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Better together

Profile image for By Lucinda Breeding / Features Editor
By Lucinda Breeding / Features Editor

UNT students earn third in international barbershop contest

Four University of North Texas students make up one of the best barbershop quartets in the world.

Singcerity went to Dortmund, Germany, last month to compete in the finals of the International Mixed Barbershop Quartet Championship. The singers — tenor Kimberly Newcomb, lead Caroline Hunt, baritone Marcus Kang and bass Micah Baker — left Germany with the third-place award.

“Only two quartets from the United States made the finals, and the other quartet [Double Date] won first place. So the U.S. did pretty well,” said Newcomb, a junior studying vocal music education in the UNT College of Music. Hunt and Kang are also pursuing vocal music education degrees, while Baker is pursuing a bachelor’s degree in music.

Newcomb said she, Hunt and Kang have been singing barbershop for a while. Barbershop music is an American form of music in which four singers perform four-part harmony a cappella. It began in black barbershops, where men would casually sing together, harmonizing, while waiting for a shave or a haircut. In the early 20th century, barbershops were community gathering places. Singers had a ready audience. White minstrel singers adopted the form.

When most people think of barbershop quartets today, they think of men wearing boater hats, striped vests and bright colors. Newcomb said barbershop still includes those kinds of quartets, but it also appeals to mixed quartets who want to interpret modern music in the consonant, four-chord sound.

Newcomb has been singing barbershop music since she was 14.

“A friend of mine wanted to enter a talent show and wanted to sing barbershop,” she said. “He knew I’d been singing barbershop for a while, and he asked if I had any music. I assumed we’d be singing men’s music, because there is barbershop music for women and for choruses, but I figured we sing men’s music because singing women’s music would require the baritone to sing pretty high.”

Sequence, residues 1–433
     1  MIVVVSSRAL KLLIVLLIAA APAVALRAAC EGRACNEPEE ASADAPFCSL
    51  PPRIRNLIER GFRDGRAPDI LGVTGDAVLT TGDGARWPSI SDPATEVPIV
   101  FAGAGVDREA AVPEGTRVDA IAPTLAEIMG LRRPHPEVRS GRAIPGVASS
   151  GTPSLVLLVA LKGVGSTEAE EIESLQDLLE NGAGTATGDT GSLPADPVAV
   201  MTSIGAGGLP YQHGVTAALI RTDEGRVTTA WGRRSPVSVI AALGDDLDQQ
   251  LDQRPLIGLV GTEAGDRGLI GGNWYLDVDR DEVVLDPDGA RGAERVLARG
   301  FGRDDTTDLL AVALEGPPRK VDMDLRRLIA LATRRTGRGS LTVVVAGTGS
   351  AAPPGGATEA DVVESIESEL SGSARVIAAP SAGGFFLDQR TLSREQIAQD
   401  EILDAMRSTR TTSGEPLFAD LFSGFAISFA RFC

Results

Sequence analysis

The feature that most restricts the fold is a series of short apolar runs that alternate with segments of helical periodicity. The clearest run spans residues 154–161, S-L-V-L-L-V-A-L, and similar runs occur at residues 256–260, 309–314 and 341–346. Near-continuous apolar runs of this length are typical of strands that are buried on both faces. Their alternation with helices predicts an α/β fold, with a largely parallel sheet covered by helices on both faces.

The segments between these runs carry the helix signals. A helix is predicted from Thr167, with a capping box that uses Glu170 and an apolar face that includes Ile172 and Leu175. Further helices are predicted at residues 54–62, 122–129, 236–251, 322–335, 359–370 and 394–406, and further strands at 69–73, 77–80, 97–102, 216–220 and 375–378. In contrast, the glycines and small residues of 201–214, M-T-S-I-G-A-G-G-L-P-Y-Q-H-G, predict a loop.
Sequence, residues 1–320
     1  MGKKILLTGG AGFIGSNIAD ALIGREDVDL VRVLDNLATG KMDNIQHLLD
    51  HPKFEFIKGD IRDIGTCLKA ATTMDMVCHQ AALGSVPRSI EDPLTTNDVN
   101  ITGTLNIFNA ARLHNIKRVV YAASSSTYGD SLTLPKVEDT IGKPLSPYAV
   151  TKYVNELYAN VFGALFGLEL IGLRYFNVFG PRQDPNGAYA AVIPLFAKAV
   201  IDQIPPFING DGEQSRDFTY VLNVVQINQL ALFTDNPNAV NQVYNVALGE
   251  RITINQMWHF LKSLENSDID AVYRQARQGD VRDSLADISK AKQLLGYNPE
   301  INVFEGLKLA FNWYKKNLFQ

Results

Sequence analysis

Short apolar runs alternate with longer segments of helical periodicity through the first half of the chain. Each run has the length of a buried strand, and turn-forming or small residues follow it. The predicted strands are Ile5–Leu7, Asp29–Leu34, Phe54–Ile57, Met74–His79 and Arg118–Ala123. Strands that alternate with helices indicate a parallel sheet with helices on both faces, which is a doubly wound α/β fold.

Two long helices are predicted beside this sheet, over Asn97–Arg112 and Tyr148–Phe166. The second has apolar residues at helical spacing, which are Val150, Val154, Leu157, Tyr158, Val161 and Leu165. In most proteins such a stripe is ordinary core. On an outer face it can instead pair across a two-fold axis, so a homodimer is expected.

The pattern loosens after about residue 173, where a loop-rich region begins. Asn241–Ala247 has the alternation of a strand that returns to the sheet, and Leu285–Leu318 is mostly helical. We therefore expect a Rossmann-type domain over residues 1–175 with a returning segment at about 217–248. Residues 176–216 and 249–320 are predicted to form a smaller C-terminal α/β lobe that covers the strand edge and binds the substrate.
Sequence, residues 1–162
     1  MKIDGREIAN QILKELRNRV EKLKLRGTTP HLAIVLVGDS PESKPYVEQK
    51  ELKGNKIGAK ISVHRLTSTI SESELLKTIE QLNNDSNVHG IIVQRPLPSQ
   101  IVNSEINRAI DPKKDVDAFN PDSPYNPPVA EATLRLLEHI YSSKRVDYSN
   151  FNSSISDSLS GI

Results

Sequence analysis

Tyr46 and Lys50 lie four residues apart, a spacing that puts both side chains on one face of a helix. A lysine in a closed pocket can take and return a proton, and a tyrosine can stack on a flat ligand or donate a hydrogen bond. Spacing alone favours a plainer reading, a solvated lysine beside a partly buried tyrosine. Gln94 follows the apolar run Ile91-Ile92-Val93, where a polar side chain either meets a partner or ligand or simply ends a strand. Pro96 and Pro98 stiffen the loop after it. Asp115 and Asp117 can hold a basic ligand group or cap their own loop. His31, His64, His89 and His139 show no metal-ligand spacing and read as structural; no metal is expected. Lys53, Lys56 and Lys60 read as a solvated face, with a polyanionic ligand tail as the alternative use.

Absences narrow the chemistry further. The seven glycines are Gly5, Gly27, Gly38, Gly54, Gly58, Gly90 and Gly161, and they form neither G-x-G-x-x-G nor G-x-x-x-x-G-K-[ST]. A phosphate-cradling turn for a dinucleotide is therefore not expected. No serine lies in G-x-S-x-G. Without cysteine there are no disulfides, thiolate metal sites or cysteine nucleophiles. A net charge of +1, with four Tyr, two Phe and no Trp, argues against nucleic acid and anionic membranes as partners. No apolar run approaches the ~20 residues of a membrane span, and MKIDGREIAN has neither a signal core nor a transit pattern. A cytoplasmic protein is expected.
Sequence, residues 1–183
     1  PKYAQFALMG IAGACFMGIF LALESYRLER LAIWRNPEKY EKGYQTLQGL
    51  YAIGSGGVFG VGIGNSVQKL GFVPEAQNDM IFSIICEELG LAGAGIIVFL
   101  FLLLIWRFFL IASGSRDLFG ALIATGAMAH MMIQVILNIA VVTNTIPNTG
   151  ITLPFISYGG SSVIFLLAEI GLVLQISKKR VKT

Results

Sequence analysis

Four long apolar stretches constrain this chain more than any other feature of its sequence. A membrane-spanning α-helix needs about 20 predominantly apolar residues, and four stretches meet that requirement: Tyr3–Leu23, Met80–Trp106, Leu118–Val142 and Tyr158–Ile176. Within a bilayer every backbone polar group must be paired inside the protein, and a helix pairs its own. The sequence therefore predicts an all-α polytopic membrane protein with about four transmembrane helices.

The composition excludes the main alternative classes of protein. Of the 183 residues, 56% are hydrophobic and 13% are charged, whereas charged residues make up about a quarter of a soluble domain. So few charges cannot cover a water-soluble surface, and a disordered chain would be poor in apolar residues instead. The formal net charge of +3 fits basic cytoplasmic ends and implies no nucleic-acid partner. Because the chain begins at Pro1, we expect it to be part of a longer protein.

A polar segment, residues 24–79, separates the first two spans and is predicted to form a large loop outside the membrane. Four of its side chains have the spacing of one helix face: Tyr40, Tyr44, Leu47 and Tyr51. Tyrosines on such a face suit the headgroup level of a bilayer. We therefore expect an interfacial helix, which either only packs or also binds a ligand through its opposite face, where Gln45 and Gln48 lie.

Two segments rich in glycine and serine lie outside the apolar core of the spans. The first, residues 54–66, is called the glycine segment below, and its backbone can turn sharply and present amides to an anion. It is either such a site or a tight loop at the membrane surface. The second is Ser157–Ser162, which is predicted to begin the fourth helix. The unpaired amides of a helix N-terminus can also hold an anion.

The friends recruited Hunt and Kang to join them. They lost the talent show, and the singer who brought them together.

“Caroline, Marcus and I wanted to keep singing. We really liked it,” Newcomb said. “That’s when we asked Micah to join.”

Newcomb said that last fall, the four students would gather at one of their homes after class and sing, sometimes well into the evening.

And they don’t stick to the traditional repertory, either. One of Singcerity’s favorites is rock band Queen’s 1980 hit “Crazy Little Thing Called Love.” They also sing a four-part version of Pharrell’s recent hit song “Happy” and other titles, too, such as “Ebb Tide,” made famous by Frank Sinatra, and “Cry Me a River.”

“You can take any four-part harmony with a seventh chord and turn it into a barbershop,” Newcomb said. “As a choral singer, you don’t get to move around too much. The only way you show your emotion is through your face, really. With barbershop, you can really show how much fun you’re having.”

In one performance of “Crazy Little Thing Called Love” at UNT, the singers joshed each other, mugging and enjoying sight gags. Baker and Kang even showed a friendly competition, with Kang ripping his shirt open to reveal a Superman shirt. After recovering from an elbow to the groin, Baker bested Kang by ripping his shirt open to reveal a Batman shirt. The audience ate it up.

The third-place prize is all about bragging rights. Newcomb said they didn’t win cash or studio recording time. But the prize will open doors in the barbershop world. Singcerity isn’t officially affiliated with UNT, but the group has performed on campus, and it helped pay for their travel expenses with fundraisers that touched the Denton campus.

Newcomb also pointed out that as American as barbershop is historically, UNT students have embraced it on the same global scale that mariachi music has been embraced at the college. Kang is a South Korean-born singer who calls San Antonio home. Hunt is from Houston, and Newcomb is an Austin girl. Baker is South African.

“It’s just a lot of fun,” Newcomb said. “We all come together in our love for this music.”

LUCINDA BREEDING can be reached at 940-566-6877. Her e-mail address is



Kimberly Newcomb, tenor

Caroline Hunt, lead

Marcus Kang, baritone

Micah Baker, bass

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